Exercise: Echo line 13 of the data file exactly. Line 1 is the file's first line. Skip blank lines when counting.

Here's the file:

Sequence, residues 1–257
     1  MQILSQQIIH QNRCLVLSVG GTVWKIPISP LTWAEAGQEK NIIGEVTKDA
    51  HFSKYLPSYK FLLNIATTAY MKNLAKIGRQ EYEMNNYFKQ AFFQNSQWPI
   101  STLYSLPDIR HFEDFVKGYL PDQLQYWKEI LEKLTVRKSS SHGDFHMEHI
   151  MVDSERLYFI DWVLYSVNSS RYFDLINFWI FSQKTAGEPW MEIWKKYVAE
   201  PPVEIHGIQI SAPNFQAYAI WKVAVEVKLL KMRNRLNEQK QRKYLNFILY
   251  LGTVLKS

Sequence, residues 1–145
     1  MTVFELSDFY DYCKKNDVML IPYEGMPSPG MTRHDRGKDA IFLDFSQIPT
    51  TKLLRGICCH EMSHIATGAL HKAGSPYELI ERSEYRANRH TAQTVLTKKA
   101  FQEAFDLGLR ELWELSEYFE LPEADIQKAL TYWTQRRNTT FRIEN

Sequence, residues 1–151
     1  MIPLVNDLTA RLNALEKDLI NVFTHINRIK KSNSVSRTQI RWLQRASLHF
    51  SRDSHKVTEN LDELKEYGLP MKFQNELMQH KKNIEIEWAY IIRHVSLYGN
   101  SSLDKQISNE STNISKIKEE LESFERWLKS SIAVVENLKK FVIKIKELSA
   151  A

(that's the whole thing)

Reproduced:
     1  MIPLVNDLTA RLNALEKDLI NVFTHINRIK KSNSVSRTQI RWLQRASLHF